Drene Markgjoni spent 12 years in a hard-labor camp, punished for her fiance's attempt to flee Albania's regime, then one of the world's most repressive and isolationist. She swore she would never suffer like that for somebody else again.
She pledged to forgo sex and marriage for the rest of her life, and declared herself a man.
That was six decades ago. Now 85, with close-cropped white hair, dressed in a man's blue striped shirt and black trousers, she greets visitors with a manly handshake. The way she walks, her confident gestures, everything about her is masculine.
Only her voice — soft and feminine — reveals her to be one of the last sworn virgins in Albania: Women who dress, act and are treated as men.
"I am happier like this," she says. "I don't regret it at all. Not a hair on my head does."
In this strongly patriarchal society where for centuries women had virtually no standing, sworn virgins enjoyed the same rights and respect as men. They could inherit property, work for a living and sit on the village council, although without the right to vote.
The privileges came at a price. They took an oath of celibacy and could never have sexual relations. And they could never go back to being women.
As the report notes, there have traditionally been many incentives for Albanian women to become sworn virgins, regardless of their sexual orientation or sexual identification:
The reasons for becoming a sworn virgin can be practical — the head of the family dies with no male heir. Or they can be emotional — the woman does not want to marry the man chosen for her.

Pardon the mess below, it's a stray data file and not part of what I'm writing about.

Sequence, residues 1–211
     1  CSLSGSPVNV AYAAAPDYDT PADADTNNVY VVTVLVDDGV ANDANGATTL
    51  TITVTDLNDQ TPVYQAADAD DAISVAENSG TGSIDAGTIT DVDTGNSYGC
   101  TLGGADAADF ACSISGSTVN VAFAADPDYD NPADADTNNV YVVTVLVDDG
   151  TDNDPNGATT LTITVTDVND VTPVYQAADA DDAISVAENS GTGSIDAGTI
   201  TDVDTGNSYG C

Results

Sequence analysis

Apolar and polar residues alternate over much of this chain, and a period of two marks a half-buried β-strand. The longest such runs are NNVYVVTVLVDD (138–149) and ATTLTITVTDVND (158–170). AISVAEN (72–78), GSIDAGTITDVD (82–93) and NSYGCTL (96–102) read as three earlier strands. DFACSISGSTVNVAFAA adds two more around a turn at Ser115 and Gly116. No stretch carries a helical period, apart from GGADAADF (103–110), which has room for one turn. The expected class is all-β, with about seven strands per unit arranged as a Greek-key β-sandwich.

In Albania, particularly in the impoverished rural north, it was practically inconceivable for a woman to remain single and live alone.
But by becoming a man, Markgjoni was free. She could earn a living and eat and drink with men instead of being restricted to the kitchen. And she could adopt two habits denied to a traditional Albanian woman: smoking and wearing a watch.
She says she has worked in carpentry and farming, and in construction in her youth when, she proudly exclaims, she carried concrete slabs with the strength of two men.
The practice is dying out, and I can't help but think that this tradition's passing away is both good and bad. Although living as a sworn virgin grants Albanians born as women with many of the rights reserved for men, it also reaffirms the patriarchy - you must be male to deserve rights and freedoms, and even living as men, sworn virgins are still denied some rights granted other men. Yet, I like the idea that one can declare one's gender and have that declaration accepted by all.
Giving up sex though, that's gotta suck.